Leukemia and its treatment can lead to other health problems. You can have supportive care before, during, or after cancer treatment.
Supportive care is treatment to prevent or fight infections, to control pain and other symptoms, to relieve the side effects of therapy, and to help you cope with the feelings that a diagnosis of cancer can bring. You may receive supportive care to prevent or control these problems and to improve your comfort and quality of life during treatment.
- Infections: Because people with leukemia get infections very easily, you may receive antibiotics and other drugs. Some people receive vaccines against the flu and pneumonia. The health care team may advise you to stay away from crowds and from people with colds and other contagious diseases. If an infection develops, it can be serious and should be treated promptly. You may need to stay in the hospital for treatment.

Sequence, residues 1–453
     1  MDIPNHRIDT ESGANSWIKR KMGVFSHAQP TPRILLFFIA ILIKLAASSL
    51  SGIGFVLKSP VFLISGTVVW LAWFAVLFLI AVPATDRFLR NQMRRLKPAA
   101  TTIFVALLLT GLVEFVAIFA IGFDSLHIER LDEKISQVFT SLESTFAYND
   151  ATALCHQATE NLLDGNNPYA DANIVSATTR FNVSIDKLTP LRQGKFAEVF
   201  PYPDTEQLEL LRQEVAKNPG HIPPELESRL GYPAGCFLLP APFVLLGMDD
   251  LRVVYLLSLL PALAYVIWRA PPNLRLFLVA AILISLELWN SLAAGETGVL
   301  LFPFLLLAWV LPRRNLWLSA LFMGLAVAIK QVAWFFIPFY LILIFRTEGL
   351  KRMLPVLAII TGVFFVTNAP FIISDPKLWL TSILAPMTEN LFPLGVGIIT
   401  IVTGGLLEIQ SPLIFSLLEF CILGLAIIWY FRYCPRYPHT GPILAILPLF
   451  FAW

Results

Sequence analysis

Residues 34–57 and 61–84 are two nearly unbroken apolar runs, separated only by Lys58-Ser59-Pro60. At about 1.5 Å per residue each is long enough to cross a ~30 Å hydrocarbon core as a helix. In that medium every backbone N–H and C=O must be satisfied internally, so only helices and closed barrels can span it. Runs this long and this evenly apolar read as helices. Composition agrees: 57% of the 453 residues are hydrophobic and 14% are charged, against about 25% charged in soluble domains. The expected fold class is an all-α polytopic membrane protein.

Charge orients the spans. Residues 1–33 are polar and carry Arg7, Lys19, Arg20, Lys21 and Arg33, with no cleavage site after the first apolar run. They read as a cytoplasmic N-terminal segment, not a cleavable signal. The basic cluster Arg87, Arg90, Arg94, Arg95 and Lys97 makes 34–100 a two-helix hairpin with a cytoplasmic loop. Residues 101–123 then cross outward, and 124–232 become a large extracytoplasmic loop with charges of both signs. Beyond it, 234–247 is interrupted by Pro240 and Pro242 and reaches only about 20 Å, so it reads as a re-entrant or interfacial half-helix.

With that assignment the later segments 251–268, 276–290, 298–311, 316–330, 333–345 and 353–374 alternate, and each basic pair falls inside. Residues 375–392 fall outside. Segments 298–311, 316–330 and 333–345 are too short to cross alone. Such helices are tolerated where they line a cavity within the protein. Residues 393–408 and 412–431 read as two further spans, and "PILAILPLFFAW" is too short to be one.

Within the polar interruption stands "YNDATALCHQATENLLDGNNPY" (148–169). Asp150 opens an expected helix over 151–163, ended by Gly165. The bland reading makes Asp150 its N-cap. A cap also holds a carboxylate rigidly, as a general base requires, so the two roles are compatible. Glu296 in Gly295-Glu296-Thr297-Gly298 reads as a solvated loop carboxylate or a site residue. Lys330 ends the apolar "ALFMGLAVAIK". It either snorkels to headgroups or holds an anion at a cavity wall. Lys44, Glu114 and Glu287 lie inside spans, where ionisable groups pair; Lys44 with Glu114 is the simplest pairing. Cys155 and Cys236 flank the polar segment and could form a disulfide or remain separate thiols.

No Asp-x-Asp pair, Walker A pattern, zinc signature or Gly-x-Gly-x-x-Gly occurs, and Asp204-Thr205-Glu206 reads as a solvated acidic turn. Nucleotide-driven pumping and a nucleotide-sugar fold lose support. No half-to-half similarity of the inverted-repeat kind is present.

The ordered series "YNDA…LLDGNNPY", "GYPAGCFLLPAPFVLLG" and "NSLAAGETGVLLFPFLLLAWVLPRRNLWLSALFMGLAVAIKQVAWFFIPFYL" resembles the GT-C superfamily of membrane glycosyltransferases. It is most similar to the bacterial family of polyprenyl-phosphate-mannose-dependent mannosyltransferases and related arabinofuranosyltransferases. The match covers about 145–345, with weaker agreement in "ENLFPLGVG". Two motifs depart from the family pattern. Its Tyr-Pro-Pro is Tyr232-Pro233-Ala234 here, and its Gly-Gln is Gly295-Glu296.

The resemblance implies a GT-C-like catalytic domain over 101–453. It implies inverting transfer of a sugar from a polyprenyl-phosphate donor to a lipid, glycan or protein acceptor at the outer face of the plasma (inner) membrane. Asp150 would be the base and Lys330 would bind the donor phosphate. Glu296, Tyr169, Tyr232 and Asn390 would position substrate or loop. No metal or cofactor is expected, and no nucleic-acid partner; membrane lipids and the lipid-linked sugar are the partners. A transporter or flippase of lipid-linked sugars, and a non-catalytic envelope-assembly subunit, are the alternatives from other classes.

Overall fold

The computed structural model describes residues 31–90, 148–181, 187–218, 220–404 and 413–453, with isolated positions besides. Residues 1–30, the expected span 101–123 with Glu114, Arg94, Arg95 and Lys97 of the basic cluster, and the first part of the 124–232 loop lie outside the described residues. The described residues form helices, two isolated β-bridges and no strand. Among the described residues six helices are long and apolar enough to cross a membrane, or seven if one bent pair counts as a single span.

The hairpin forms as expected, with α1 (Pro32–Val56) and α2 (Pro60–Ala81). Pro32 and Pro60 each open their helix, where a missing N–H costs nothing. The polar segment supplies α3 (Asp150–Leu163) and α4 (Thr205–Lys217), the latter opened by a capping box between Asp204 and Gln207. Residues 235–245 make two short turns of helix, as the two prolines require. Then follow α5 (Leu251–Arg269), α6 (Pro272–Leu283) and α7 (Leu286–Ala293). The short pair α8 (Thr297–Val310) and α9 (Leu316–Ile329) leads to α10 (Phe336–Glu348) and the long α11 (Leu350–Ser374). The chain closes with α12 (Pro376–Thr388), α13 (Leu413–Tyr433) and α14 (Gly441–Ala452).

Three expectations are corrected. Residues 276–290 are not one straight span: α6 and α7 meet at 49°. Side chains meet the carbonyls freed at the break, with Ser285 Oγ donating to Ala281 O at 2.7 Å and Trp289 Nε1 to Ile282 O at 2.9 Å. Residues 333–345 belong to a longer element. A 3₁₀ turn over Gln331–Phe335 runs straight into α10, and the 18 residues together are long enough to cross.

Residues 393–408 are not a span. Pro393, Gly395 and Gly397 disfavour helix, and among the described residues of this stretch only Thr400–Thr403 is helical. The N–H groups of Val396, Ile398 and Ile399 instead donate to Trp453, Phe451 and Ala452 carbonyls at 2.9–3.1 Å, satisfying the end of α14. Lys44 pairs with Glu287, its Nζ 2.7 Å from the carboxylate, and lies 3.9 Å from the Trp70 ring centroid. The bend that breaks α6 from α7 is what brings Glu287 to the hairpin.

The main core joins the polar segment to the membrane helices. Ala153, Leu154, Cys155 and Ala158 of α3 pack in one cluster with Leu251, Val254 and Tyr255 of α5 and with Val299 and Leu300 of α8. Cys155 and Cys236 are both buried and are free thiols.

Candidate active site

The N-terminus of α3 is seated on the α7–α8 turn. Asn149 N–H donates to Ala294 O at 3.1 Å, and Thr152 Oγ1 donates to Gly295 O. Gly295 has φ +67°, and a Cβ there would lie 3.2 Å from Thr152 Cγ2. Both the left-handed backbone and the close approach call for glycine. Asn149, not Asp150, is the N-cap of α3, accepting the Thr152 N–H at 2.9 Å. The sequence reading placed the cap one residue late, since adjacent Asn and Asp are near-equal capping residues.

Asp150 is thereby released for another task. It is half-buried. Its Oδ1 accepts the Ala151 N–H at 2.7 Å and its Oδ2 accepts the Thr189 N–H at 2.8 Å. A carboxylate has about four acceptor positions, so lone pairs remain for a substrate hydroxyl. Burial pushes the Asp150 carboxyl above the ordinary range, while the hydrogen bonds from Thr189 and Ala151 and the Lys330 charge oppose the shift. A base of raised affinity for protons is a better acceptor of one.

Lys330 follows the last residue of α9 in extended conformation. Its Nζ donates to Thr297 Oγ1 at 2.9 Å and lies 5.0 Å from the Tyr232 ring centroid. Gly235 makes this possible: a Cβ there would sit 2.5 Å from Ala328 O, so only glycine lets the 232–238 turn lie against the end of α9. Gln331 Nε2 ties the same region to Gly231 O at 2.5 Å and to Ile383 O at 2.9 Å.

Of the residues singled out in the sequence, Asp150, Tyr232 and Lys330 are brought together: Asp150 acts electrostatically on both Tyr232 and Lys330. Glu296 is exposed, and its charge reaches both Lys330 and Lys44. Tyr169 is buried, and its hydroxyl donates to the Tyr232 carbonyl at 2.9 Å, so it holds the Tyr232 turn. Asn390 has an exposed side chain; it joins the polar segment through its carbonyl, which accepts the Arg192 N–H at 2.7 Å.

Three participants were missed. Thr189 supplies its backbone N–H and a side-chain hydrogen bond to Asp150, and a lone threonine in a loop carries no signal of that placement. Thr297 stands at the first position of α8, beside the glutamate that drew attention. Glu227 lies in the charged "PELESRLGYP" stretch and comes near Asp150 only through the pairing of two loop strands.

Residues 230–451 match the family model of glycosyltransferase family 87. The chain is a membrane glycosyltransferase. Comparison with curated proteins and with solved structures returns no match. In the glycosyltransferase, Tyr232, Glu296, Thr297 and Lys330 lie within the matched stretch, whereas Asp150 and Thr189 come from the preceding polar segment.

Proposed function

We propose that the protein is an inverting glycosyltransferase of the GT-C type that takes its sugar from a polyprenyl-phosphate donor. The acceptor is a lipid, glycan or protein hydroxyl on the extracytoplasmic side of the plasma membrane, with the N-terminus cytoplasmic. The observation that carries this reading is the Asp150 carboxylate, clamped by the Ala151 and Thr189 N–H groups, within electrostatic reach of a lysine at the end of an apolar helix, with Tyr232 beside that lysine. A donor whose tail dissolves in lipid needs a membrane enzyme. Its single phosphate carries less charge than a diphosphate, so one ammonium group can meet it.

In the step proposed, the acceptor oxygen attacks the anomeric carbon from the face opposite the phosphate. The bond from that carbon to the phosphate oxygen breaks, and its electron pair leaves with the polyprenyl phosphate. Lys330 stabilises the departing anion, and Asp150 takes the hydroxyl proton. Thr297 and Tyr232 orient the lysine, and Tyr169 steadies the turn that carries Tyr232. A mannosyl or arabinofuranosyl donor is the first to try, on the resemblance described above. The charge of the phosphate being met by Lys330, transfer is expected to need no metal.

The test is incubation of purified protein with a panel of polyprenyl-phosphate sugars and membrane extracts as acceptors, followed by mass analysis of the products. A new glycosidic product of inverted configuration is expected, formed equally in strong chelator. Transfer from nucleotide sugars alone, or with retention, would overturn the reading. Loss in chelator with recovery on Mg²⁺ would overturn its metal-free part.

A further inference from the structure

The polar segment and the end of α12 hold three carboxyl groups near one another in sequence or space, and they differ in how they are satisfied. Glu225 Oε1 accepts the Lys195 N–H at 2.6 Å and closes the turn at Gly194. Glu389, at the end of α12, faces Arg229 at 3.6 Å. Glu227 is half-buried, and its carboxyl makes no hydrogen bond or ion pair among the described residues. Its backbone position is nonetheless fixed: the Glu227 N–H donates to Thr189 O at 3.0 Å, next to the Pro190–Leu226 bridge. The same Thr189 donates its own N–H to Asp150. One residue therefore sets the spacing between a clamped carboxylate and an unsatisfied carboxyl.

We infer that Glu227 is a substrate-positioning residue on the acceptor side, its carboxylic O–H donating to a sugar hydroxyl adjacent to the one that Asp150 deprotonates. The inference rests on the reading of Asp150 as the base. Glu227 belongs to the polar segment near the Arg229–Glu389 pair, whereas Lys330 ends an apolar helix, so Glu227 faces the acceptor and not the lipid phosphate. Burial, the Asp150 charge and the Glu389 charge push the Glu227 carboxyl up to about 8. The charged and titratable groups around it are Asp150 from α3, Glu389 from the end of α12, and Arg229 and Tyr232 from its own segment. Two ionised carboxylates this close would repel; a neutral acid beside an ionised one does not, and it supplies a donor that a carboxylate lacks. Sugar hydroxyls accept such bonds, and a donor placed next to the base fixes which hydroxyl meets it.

- Anemia and bleeding: Anemia and bleeding are other problems that often require supportive care. You may need a transfusion of red blood cells or platelets. Transfusions help treat anemia and reduce the risk of serious bleeding.
- Dental problems: Leukemia and chemotherapy can make the mouth sensitive, easily infected, and likely to bleed. Doctors often advise patients to have a complete dental exam and, if possible, undergo needed dental care before chemotherapy begins. Dentists show patients how to keep their mouth clean and healthy during treatment.
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